* Johann, † 1457, dessen Sohn, Graf von Freiburg und Neuenburg – keine überlebenden Nachkommen John, † 1457, his son, Count of Freiburg and Neuchâtel - no surviving descendants


Konrad IV. (son of Count Egen III. of Freiburg and Verena of Neuchâtel (see above))

† 1424

Count of Freiburg 1385

Lord of Neuchâtel 1395


The only seal of Count Conrad which has been preserved shows a split badge with the arms of Friborg and Neuchâtel, surmounted by a helmet, with a cushion and a sort of ball like crest, and accompanied by two lions which serve as tenants. The arms of Friborg are those of the house of Fürstenberg, former stem of the Counts of Friborg; it is the eagle Gules in a field of gold surrounded by a wavy border of azure. The arms of Neuchâtel are those which Count Louis had fixed; the pal Gules with three silver chevrons, in a field of gold. The legend of the seal bears:



Johann (son)

Count of Freiburg and Neuchâtel † 1457

no surviving issue

1798 - Chroniken der Habsburger, der Zähringer und der Stadt Freiburg i. Br. mit Materialsammlung (Band 3: Chronik der Herzöge von Zähringen, der Grafen von Freiburg und Fürstenberg und der Herzöge von Teck);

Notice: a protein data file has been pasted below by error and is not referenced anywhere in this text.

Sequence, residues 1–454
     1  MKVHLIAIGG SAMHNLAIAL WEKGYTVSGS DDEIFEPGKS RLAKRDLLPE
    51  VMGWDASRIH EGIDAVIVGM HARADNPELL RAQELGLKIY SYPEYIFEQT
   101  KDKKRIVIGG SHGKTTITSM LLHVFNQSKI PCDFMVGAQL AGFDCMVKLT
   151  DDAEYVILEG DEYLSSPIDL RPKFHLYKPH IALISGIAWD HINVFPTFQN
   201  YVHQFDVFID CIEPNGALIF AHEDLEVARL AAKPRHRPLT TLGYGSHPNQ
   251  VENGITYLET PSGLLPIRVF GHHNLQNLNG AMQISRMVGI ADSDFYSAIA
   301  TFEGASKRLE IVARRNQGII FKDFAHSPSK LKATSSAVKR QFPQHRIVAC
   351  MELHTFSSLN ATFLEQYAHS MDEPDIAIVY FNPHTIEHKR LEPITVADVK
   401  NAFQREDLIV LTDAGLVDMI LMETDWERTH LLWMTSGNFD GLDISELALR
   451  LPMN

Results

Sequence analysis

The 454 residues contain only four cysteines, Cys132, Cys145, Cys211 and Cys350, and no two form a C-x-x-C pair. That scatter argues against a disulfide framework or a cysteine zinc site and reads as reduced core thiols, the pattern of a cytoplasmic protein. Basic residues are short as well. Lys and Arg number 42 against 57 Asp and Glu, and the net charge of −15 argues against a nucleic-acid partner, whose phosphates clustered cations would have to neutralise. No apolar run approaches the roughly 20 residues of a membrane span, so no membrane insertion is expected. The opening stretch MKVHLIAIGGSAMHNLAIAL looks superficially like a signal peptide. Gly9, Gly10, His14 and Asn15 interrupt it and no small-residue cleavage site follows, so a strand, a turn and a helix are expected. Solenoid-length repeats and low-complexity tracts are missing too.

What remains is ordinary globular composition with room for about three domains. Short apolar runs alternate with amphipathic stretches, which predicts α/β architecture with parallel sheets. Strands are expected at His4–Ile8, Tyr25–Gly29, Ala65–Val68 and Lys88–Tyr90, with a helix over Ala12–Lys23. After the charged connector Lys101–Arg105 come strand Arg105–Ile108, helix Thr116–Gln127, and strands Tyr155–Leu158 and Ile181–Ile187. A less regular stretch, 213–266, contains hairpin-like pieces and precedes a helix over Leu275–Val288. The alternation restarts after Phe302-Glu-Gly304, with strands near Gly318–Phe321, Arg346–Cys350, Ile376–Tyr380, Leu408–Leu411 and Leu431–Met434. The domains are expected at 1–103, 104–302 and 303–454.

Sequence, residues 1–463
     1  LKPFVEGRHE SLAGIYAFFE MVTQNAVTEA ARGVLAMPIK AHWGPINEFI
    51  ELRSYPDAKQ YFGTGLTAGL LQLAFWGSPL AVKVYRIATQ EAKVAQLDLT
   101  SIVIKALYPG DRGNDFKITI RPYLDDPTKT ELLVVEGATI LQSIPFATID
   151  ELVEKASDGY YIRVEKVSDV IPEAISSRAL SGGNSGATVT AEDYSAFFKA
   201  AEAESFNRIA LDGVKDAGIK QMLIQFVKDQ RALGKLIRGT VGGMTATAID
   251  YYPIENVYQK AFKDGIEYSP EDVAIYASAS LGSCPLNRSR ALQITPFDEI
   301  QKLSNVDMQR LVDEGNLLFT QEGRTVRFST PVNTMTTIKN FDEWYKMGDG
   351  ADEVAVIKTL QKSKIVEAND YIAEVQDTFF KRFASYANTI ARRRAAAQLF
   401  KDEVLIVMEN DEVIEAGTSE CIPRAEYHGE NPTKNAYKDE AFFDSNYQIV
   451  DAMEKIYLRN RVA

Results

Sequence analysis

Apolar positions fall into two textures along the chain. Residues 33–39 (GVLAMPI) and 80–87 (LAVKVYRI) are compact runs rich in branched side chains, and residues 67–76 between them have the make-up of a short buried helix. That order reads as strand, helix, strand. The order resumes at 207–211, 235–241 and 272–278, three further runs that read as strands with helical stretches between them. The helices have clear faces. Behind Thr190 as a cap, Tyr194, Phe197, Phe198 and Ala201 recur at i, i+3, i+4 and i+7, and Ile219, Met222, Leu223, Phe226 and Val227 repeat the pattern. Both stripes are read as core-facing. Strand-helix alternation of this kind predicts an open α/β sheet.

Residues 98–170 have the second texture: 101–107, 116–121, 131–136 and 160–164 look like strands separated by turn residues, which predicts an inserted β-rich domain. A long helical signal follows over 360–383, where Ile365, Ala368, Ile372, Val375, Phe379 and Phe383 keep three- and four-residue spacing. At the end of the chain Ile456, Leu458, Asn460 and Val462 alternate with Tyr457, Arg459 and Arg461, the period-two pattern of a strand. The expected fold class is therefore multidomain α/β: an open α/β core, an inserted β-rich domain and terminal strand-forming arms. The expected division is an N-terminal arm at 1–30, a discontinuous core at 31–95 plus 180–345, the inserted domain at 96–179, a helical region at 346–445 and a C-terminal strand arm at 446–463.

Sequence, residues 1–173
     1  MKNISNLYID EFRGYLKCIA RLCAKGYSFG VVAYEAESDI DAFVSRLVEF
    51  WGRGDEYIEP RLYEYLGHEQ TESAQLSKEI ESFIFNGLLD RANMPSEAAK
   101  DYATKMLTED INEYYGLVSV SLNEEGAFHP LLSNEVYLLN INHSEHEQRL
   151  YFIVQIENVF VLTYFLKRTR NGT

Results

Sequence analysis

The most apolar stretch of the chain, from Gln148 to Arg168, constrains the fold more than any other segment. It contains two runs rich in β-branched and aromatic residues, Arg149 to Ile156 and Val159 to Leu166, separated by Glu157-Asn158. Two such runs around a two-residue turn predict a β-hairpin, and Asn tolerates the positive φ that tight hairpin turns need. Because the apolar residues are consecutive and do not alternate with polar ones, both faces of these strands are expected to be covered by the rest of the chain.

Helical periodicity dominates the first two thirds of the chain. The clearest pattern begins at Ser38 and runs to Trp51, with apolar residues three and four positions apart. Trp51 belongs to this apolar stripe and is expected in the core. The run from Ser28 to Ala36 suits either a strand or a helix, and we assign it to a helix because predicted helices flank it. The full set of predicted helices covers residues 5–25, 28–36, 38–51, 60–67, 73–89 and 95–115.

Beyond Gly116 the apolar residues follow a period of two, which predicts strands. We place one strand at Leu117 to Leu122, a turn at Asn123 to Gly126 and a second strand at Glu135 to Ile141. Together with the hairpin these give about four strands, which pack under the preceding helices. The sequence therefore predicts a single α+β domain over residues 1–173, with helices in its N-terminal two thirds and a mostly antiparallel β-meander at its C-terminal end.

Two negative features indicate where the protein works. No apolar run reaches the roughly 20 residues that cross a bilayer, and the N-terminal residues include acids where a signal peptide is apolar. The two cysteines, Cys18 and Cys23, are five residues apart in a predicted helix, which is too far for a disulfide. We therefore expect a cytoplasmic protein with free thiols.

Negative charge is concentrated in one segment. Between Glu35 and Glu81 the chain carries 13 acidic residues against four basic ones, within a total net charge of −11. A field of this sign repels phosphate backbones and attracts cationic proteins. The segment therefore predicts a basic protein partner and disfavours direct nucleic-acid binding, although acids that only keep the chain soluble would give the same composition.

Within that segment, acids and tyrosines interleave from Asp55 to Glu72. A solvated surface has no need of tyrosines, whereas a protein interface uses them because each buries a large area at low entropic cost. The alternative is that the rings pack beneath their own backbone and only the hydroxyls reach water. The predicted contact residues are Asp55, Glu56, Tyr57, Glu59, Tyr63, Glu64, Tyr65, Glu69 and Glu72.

Count Johann legated the County of Neuchâtel to Margrave Rudolf IV. of Hachberg-Rötteln, the son of his still living cousin (and legal heir) Wilhelm of Hachberg-Rötteln


Counts from the House of Zähringen



Die Grafschaft Neuenburg wurde Mitte des 15. Jahrhunderts an das Haus Baden, einen Seitenzweig der Zähringer, vererbt. The County of Neuchâtel in the mid-15th century to the House of Baden, a side branch of the Zähringer, inherited.

* Rudolf IV. von Baden , † 1487, Markgraf von Rötteln, Herr von Badenweiler, 1444 Graf von Neuenburg Rudolf IV of Baden, † 1487, Margrave of Rötteln, Lord of Badenweiler, 1444 Count of Neuenburg

* Philipp, † 1503,  his son, Count of Neuenburg

* Johanna, † 1543,  his daughter, 1503/12 and 1529/43 sovereign Countess of Neuchatel; ∞


Rudolf IV of Baden

Margrave of Rötteln, Lord of Badenweiler, Count of Neuchâtel

1444 -†1487


G. de Wyss: Sceaux historiques du canton de Neuchâtel. In: Mitteilungen der Antiquarischen Gesellschaft in Zürich, Band (Jahr): 13 (1861), Heft 6, S. 103-120 und Beilagen; hier Tab. II., Fig. 20


Philipp von Hochberg (son)

Count of Neuchâtel  *1454 - † 1503



Johanna, (daughter)